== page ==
- Federal Government
- Light Duty Vehicles
- California Air Resources Board
- Corporate Average Fuel Economy
- Fuel Efficiency
US CAFE Standards Rolled Back
At the end of March 2020, the Trump administration announced the final version of the Safer Affordable Fuel-Efficient (SAFE) Vehicles Rule that sets new Corporate Average Fuel Economy (CAFE) and carbon dioxide standards. The new rule rolls back the standards implemented under the Obama administration that required US automaker fleets to have an average efficiency of 54.5 mpg by 2025. Under the SAFE rule, the standards would be decreased to roughly 40 mpg under the same time horizon. Instead of a 5% annual increase in fuel economy, the new rule calls for a 1.5% increase. The US Environmental Protective Agency states that the SAFE rule will increase US competitiveness by reducing regulatory costs and believes that the rule will cause 3,300 fewer crash fatalities; however, this assumption is disputed.
History of the Standards
The CAFE standards were first enacted in the US in 1975 as a reaction to the oil crisis. The standards are weighted by sales and met based on a manufacturer’s entire fleet (i.e., some vehicles may have lower fuel efficiency but the manufacturer’s fleet as a whole meets the requirements). When enacted, the standards aimed to increase the fuel economy of new vehicles to 27.5 mpg by 1985. In July 2011, the fuel economy standards were increased to 54.5 mpg for light duty vehicles by model year 2025. If a manufacturer’s fleet does not meet the requirements set by the CAFE standards, it must pay a penalty of $5.50 per 0.1 mpg under the standard for every vehicle the manufacturer produced that year in the US market.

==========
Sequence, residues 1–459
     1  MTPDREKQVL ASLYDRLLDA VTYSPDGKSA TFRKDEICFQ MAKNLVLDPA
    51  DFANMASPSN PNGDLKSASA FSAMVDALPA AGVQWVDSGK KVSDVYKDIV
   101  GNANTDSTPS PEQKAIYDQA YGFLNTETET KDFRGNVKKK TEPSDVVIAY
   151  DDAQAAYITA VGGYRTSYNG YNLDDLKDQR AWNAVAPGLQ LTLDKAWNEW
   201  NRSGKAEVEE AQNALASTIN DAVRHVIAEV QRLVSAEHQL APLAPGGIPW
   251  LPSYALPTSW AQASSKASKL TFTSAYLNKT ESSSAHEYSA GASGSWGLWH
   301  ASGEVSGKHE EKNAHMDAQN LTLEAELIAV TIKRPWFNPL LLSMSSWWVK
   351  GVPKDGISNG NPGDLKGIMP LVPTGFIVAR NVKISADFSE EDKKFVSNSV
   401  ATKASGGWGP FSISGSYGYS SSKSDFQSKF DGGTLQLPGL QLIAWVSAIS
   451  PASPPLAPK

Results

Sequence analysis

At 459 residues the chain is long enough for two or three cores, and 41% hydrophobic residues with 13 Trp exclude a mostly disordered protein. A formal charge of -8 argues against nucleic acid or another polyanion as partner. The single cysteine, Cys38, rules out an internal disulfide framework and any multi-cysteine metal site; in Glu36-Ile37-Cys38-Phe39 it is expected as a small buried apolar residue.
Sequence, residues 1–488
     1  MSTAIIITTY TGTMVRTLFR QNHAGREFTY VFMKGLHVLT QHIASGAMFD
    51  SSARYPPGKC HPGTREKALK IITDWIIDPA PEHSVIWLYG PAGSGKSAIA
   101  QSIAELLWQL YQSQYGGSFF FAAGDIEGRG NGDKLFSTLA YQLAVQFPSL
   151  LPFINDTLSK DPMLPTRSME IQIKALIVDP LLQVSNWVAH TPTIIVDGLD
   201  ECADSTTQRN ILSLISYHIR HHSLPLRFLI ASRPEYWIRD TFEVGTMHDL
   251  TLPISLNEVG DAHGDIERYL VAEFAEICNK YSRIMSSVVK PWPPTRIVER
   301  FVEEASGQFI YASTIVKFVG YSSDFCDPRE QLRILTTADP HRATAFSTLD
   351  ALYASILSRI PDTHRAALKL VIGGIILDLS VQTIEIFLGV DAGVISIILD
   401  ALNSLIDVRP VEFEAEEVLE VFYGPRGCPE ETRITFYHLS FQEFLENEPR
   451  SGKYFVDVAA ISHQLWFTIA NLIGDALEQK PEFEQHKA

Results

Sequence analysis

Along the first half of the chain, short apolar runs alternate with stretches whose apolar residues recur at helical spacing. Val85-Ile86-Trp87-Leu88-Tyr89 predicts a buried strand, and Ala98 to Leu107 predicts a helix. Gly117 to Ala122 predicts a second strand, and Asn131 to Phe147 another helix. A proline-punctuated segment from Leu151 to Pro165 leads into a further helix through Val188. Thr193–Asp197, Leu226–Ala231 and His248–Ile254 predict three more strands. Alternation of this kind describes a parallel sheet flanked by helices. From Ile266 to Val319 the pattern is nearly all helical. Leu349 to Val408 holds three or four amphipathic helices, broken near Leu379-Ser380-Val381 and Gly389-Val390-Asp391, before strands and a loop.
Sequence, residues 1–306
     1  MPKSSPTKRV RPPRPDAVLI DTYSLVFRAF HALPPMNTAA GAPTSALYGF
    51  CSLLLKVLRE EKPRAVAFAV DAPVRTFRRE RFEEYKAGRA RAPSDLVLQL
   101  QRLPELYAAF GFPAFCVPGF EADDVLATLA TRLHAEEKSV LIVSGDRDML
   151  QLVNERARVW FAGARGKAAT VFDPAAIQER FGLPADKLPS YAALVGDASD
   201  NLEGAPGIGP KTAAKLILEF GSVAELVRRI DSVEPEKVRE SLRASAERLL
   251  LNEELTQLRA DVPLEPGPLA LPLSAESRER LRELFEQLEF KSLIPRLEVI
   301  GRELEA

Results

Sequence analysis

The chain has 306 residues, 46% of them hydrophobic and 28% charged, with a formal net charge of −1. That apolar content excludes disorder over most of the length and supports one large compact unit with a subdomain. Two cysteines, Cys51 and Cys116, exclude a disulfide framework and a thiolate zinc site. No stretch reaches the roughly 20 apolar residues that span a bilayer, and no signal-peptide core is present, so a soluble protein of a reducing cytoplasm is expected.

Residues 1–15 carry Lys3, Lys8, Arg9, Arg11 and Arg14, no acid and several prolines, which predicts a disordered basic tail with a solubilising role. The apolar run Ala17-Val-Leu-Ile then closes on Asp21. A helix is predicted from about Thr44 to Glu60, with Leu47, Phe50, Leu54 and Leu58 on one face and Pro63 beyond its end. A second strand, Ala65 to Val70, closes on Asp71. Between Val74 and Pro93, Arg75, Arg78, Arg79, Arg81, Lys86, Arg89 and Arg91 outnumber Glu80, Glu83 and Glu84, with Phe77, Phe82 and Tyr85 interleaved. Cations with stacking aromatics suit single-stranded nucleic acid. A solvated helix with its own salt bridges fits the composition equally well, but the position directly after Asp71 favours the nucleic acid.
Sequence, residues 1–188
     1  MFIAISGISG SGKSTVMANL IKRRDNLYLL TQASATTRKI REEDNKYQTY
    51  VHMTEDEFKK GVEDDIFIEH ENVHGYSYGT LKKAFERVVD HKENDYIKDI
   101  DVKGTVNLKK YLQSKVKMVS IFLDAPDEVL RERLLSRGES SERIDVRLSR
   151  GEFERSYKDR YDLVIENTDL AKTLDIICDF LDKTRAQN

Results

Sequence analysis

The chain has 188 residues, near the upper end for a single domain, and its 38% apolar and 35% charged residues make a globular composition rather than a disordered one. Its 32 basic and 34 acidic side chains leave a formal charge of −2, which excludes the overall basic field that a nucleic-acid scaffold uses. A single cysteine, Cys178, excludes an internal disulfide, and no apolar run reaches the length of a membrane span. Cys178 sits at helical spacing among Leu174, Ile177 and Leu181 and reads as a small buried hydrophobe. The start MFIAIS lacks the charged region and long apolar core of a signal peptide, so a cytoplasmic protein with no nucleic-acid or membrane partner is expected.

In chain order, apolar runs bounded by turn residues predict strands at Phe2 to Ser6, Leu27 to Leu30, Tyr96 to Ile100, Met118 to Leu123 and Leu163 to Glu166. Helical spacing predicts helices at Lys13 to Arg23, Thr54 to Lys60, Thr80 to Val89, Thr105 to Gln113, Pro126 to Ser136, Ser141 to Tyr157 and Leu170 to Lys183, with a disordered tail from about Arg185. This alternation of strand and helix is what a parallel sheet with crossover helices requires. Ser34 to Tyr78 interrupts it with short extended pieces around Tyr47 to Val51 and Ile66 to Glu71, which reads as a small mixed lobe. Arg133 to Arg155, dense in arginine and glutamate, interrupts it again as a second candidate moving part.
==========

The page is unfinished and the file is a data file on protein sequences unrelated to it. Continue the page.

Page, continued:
In August 2018, the current US administration proposed freezing fuel efficiency standards at 2020 levels through 2026. After a 17-month process, the final SAFE rule results in a decrease in emissions targets and yearly fuel economy requirements, but it did not freeze the standards at 2020 levels as originally proposed. The changes in fuel efficiency standards are expected to result in 900 million additional tons of carbon dioxide being released into the atmosphere with 78 billion gallons of fuel.
Moving Forward with the New Standards
After the announcement of the new rule, California Attorney General Xavier Becerra announced that the state would be going to court over the rule. Under the Clean Air Act, the California Air Resources Board (CARB) currently has a waiver to invoke higher fuel efficiency standards in its state, and the state will fight to maintain its higher standards. If California is successful, automakers will likely continue to increase efficiency to meet the standards. Automakers are unlikely to manufacture a vehicle with less fuel efficiency for markets outside of California at the same time as a vehicle with higher efficiency within California. Furthermore, even if the Trump administration is successful in removing the waiver, Canada (whose fuel efficiency regulations largely mimic the US’s) may adopt California-style fuel efficiency standards. This would maintain the patchwork of regulations for the automotive industry in North America.
Automakers have already reached out to CARB to discuss voluntary emissions agreements in lieu of the new federal efficiency requirements. Volvo, Ford, Honda, Volkswagen, and BMW are either in talks with or have already committed to voluntary agreements with CARB. These commitments will likely mean little to no changes in the automakers’ current fleet plans through model year 2025, which include the rollout of fuel-efficient vehicles and electrified vehicles.